AIMS: In 2011, online marketing became the largest marketing channel in the UK, overtaking television for the first time. This study aimed to describe the exposure of children and young adults to alcohol marketing on social media websites in the UK.

METHODS: We used commercially available data on the three most used social media websites among young people in the UK, from December 2010 to May 2011. We analysed by age (6-14 years; 15-24 years) and gender the reach (proportion of internet users who used the site in each month) and impressions (number of individual pages viewed on the site in each month) for Facebook, YouTube and Twitter. We further analysed case studies of five alcohol brands to assess the marketer-generated brand content available on Facebook, YouTube and Twitter in February and March 2012.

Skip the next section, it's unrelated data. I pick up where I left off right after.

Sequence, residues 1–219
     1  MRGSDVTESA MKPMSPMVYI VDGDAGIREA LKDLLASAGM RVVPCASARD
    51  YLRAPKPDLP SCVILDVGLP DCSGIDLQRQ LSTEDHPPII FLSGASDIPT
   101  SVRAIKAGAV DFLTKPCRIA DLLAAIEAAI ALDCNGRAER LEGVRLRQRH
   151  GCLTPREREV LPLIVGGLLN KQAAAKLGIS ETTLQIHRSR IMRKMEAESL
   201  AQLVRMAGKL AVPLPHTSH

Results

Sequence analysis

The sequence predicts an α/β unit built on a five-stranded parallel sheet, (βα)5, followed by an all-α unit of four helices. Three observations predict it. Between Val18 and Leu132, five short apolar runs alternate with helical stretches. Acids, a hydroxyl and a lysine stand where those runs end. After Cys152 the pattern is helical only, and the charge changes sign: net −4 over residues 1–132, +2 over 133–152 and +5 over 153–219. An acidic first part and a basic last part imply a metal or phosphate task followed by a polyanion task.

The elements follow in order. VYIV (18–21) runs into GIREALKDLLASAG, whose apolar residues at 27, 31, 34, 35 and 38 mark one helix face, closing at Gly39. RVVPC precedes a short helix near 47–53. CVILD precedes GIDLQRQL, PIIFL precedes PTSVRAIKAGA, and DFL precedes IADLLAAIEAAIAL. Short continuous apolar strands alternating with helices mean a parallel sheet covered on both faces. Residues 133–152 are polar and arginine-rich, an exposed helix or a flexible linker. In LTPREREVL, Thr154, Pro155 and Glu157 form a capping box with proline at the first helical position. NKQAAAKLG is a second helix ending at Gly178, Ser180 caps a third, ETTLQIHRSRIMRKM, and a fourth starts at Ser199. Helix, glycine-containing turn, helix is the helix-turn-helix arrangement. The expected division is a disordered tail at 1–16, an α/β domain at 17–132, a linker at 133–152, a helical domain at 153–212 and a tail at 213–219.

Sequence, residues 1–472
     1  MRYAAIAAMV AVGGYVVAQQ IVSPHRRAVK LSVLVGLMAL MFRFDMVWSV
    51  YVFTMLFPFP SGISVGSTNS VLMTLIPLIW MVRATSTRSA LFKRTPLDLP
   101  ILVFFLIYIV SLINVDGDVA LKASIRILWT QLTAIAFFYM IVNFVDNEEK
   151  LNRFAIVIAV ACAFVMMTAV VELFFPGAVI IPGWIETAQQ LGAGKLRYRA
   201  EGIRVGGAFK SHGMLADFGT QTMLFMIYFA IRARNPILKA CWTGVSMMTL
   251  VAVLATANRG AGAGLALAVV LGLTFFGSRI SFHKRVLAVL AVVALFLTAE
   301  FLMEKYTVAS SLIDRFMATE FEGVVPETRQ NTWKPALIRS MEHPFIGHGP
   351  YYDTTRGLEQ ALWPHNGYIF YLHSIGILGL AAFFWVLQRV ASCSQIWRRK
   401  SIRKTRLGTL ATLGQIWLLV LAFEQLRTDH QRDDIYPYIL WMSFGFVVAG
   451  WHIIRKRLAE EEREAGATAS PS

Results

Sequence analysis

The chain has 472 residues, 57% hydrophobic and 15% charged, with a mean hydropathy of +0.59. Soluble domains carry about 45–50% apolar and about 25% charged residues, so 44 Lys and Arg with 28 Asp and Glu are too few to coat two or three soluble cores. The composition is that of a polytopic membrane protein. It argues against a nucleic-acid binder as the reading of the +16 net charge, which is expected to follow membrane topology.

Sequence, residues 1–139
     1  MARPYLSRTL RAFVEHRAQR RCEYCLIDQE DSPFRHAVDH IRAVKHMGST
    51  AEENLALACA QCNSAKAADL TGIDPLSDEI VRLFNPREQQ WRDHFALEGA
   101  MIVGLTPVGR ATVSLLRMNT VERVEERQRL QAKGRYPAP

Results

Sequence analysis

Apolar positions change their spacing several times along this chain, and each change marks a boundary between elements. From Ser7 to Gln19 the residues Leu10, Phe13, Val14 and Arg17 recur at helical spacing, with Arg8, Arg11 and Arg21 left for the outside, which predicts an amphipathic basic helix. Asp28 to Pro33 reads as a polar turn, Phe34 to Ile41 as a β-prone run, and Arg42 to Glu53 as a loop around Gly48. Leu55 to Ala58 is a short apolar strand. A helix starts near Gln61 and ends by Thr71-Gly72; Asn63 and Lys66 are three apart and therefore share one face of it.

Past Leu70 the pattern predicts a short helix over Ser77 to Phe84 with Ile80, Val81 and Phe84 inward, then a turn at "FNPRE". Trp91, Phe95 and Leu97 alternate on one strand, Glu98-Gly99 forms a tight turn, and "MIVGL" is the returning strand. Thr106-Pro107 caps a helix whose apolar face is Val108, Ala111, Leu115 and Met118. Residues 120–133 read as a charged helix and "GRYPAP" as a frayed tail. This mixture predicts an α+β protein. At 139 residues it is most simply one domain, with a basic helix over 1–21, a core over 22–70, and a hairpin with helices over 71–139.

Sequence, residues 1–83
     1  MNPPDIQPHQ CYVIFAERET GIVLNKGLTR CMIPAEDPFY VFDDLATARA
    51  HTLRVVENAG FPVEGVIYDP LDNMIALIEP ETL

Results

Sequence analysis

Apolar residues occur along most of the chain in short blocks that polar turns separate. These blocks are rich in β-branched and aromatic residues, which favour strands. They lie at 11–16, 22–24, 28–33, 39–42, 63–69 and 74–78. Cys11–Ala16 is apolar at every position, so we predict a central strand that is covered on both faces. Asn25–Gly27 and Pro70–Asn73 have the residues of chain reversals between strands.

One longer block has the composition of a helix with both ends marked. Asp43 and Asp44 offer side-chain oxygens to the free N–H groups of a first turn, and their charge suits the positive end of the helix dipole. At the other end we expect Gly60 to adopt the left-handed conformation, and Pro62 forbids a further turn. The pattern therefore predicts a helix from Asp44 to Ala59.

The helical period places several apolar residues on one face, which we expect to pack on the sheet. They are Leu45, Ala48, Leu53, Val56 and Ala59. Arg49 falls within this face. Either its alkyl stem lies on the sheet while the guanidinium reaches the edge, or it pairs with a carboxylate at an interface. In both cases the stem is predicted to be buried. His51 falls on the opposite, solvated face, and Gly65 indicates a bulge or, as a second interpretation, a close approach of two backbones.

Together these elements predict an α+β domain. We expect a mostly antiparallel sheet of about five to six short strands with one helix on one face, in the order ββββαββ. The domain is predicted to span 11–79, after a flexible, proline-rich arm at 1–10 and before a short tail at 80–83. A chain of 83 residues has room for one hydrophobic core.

RESULTS: Facebook was the social media site with the highest reach, with an average monthly reach of 89% of males and 91% of females aged 15-24. YouTube had a similar average monthly reach while Twitter had a considerably lower usage in the age groups studied. All five of the alcohol brands studied maintained a Facebook page, Twitter page and YouTube channel, with varying levels of user engagement. Facebook pages could not be accessed by an under-18 user, but in most cases YouTube content and Twitter content could be accessed by those of all ages.

CONCLUSION: The rise in online marketing of alcohol and the high use of social media websites by young people suggests that this is an area requiring further monitoring and regulation.